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 Post subject: Re: Working in glass
PostPosted: 09 Jul 2013, 15:24 
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Joined: 31 May 2013, 13:34
Posts: 33
Location: Near Napa
For making extremely accurate, fine finish holes in glass and all sorts of hard materials, for a mere $650K you could just get one of these: :)


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 Post subject: Re: Working in glass
PostPosted: 09 Jul 2013, 16:35 
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Joined: 04 Jun 2008, 20:59
Posts: 3814
Location: Arizona, USA
Hi, I'm with Mark on this one....I have plenty of problems drilling in metal, wood and especially plastics. I figure glass is made for wine and beer glasses and not much else except tube bottles in audio.

Good listening
Bruce

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 Post subject: Re: Working in glass
PostPosted: 09 Jul 2013, 22:20 
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Joined: 08 Aug 2009, 03:11
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Location: Chilliwack, BC
grymster wrote:
For making extremely accurate, fine finish holes in glass and all sorts of hard materials, for a mere $650K you could just get one of these: :)


<Bill Cosby>

*asks grandma*

Well let me just go over to my purse...

Well lookie here, $650,000!

</Bill Cosby>

:D

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* Ratings are for transistors - tubes have guidelines*
Home: GeeK ZonE
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 Post subject: Re: Working in glass
PostPosted: 10 Jul 2013, 01:54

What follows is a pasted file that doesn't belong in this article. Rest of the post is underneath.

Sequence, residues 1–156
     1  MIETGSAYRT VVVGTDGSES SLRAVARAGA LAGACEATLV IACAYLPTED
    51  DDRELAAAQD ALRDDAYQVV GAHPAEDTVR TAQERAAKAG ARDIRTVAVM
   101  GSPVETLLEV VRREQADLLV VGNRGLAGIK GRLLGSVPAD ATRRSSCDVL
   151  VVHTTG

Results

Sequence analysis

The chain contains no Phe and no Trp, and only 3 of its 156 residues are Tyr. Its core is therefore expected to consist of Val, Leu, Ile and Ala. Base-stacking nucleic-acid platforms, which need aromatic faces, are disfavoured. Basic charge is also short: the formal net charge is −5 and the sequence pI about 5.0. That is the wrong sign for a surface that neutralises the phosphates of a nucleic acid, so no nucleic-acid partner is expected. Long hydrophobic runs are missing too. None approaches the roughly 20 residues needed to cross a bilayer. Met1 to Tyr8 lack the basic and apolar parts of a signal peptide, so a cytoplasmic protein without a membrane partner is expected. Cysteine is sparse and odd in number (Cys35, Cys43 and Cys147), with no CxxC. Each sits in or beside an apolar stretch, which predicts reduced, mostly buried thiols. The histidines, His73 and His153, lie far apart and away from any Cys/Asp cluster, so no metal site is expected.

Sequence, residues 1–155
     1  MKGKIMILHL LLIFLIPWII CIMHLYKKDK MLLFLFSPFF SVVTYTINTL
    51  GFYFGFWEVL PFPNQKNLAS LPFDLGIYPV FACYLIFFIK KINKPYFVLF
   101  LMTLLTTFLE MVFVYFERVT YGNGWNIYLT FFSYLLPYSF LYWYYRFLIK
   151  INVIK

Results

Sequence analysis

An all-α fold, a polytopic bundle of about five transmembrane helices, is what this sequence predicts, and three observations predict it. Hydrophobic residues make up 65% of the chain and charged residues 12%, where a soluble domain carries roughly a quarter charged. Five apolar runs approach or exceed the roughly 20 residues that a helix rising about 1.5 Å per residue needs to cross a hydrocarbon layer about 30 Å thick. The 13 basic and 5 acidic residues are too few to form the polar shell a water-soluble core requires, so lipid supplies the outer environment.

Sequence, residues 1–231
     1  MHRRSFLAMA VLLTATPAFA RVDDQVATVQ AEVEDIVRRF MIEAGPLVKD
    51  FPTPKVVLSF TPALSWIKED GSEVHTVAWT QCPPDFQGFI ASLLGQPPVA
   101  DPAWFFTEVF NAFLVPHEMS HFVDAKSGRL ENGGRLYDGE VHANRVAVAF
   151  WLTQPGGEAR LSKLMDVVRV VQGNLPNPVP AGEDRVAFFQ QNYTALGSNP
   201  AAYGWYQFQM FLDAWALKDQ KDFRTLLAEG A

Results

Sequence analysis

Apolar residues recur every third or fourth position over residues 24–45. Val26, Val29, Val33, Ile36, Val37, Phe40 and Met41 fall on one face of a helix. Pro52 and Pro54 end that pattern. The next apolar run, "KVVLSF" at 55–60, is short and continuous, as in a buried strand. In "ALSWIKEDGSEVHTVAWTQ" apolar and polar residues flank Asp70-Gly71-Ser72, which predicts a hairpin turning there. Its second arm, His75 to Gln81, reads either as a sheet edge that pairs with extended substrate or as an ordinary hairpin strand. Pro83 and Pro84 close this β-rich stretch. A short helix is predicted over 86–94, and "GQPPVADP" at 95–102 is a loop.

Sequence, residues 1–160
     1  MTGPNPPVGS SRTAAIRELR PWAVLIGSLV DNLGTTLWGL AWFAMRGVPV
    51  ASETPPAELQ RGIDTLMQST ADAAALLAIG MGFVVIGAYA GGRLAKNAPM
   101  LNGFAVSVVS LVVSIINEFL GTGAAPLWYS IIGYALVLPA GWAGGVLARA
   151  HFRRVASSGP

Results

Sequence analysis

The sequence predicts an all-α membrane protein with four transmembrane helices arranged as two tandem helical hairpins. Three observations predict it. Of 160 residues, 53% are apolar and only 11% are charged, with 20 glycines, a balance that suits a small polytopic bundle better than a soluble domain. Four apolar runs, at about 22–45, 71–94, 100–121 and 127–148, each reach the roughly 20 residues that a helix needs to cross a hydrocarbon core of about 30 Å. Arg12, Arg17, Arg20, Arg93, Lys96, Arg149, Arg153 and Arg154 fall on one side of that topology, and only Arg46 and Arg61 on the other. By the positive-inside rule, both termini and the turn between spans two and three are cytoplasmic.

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Joined: 06 Jun 2008, 18:23
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Location: Australia
Mr Cosby can afford a glass cutter, not that he really wants one mind.

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 Post subject: Re: Working in glass
PostPosted: 10 Jul 2013, 07:30 
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Joined: 31 May 2013, 13:34
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Location: Near Napa
We usually use glass cutting holesaws (as in Soundbrigade's link) or diamond endmills. Sometimes we'll use waterjet.

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 Post subject: Re: Working in glass
PostPosted: 12 Jul 2013, 09:52 
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Joined: 02 Mar 2009, 12:41
Posts: 1063
Location: Vänersborg, Sweden
Had an aunt and her niece on visit a week ago - helped them with their corset projects (I have many strings on my lyre (Swedish expression). Auntie runs a glass business and she said that they used my kind of drill, working very slowly and every now and then lifting the drill a little to let water penetrate and cool things off.
If used as a cover for tube amps, she recommended me to harden the glass before using it in the amp, thus making it withsatnd the high temperatures.